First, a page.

So both narratives are real, and many of us are part of both of them. That makes it the overarching, meta-narrative of recovery.

You said your goal is to name the old narrative. But what would a new narrative sound like?

I don't think any of us is capable, singlehandedly, of writing a new narrative. Because I come out of an elite western culture, I don't think I can name a narrative that is going to be something for people all over the world, including those who are in poverty, in different social positions, and so on.

What I can do is to suggest advances beyond mechanistic science and the ethic of dominating nature, which came with that science.

You've written about chaos and complexity theory. How would such new scientific thinking help?

Chaos and complexity theory suggest that we can no longer assume that we can predict, therefore control, and therefore dominate, nature. The domination of nature is predicated on the ability to solve linear differential equations and predict the outcome; that means we can then control nature in small, closed systems.

What chaos and complexity theory are suggesting is that only in unusual cases--where, say, we're building a bridge or using closed mechanical systems--can we solve problems and control nature. Chaos theory says that we can't predict and can't control most of the domain out there, and therefore we can't dominate it, and therefore we have to give up the ethic of mechanistic science that led to the death of nature.

Are there other roadblocks to change?

The most difficult problem we face is what to do about global capitalism.

Why is that?

Because capitalism is depleting both nonrenewable resources and potentially renewable resources. Structurally, it's a system that depends on growth; and as it depends on increasingly global monopolies and huge global corporations to achieve that growth, it becomes more and more difficult to transform, or even to envisage alternatives.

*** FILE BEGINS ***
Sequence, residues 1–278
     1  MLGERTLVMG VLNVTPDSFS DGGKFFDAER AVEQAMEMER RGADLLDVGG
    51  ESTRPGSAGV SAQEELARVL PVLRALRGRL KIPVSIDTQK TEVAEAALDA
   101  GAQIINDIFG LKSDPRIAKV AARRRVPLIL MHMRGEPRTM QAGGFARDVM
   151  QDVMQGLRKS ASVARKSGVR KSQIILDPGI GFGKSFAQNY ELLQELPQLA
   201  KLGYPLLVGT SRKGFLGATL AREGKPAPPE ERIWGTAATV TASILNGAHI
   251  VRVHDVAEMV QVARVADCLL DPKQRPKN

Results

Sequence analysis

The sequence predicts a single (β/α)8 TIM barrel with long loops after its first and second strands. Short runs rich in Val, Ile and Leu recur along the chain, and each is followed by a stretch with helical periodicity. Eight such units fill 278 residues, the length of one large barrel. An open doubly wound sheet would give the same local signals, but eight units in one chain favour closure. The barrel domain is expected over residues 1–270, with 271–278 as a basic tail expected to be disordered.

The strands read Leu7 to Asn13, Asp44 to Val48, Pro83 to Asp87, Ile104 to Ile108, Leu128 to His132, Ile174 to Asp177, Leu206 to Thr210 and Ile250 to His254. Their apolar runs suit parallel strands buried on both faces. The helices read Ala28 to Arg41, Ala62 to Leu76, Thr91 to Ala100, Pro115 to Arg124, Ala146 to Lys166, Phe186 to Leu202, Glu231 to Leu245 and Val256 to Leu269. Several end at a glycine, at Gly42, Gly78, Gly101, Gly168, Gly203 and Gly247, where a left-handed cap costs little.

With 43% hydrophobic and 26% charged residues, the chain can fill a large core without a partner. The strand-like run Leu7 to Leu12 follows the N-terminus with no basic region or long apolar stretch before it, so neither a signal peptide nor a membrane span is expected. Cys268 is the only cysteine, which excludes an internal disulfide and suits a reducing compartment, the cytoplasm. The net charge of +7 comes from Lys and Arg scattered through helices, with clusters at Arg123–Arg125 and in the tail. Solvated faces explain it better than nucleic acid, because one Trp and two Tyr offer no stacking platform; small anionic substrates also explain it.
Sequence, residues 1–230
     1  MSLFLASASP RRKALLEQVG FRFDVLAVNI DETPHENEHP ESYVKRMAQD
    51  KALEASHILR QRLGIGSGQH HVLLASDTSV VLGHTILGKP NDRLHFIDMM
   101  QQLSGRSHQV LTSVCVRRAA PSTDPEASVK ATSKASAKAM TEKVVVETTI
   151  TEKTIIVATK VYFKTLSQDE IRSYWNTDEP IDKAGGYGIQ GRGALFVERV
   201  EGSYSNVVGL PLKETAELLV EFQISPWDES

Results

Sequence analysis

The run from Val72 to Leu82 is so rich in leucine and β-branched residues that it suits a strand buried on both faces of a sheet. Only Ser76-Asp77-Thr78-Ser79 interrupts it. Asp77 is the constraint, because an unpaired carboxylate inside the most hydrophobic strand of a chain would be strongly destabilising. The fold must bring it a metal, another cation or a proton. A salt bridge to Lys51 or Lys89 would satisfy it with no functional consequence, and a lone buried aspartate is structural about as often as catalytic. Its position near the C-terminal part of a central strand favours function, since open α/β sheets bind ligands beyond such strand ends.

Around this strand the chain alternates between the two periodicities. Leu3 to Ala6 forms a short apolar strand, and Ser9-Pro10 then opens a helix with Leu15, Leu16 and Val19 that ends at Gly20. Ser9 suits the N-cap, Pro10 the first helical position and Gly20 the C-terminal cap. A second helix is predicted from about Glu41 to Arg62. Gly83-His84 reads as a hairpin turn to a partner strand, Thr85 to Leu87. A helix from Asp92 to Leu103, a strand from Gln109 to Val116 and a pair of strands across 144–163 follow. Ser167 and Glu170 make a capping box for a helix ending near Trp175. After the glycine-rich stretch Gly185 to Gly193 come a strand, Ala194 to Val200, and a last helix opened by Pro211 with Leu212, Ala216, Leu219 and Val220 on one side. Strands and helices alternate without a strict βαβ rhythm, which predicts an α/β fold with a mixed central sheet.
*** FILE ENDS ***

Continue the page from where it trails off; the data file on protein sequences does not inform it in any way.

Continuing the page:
What do we need instead?

Something that will give us the basic needs of food, clothing, shelter, energy, healthcare security, and security in old age. These kinds of basic human rights, fulfilling basic human needs, are the ideal that I think is the essence of democracy and of the quality of human life. These are compatible with environmental integrity and sustainability.

That's the ideal. The question is how to do it in a way that preserves humanity and also preserves the environment. And, as an environmental philosopher, that's what I'm trying to get at with a new ethic, what I call a "partnership ethic."

Please explain this.

A partnership ethic recognizes that men and women can be partners and that humanity can be partners with the earth. So it doesn't entail a gendering of the earth as female; and it doesn't blame men for causing all the damage.

But didn't men cause much of the damage?

Historically, yes. A partnership ethic recognizes that there's a history that is pertinent to dominant western culture, a history in which men have been the leaders in most political, economic, and social institutions, and that in fact this constitutes what we call patriarchy.

What it doesn't do is to blame individual men living today for all the sins of the past and for all the institutions that have evolved historically.

Which ecofeminism did?

Yes. A partnership ethic means that women and men can work together as equal partners; it means that nature is still active and a subject, but in equal interaction with humanity. It tries to bring the pendulum back to a dynamic that's rooted in the relationship between people and the environment, between men and women, between minorities and whites.

I believe that a partnership ethic is one way of getting to where we need to be. A new narrative that is not the death of nature and not mechanistic science but one of a sustainable partnership with nature and between human groups is part of the social reconstruction that is required. Over the next half century, I think we're going to see something new emerging.

We're in a global ecological crisis now, which has been apparent for at least the last quarter-century. My hope is that by the middle of the 21st century, we will have a different set of assumptions about production, reproduction, ecology, and consciousness that will constitute a global ecological revolution.

What would this involve?

A lot of things: Green political parties; sustainable development or livelihood; the earth summit and attempts to reach things like biodiversity treaties; and efforts to identify and do something about global warming and ozone depletion. There are the new ideas of radical ecology, deep ecology, and social ecology. There's also organic agriculture, in situ conservation approaches--a multitude of approaches that people are trying out. Some of them are going to work; some are being criticized as not feasible. So it's a process of fits and starts and transformations, of leaps ahead and backslidings. But I think it's a process that will take place and eventually give us a different world.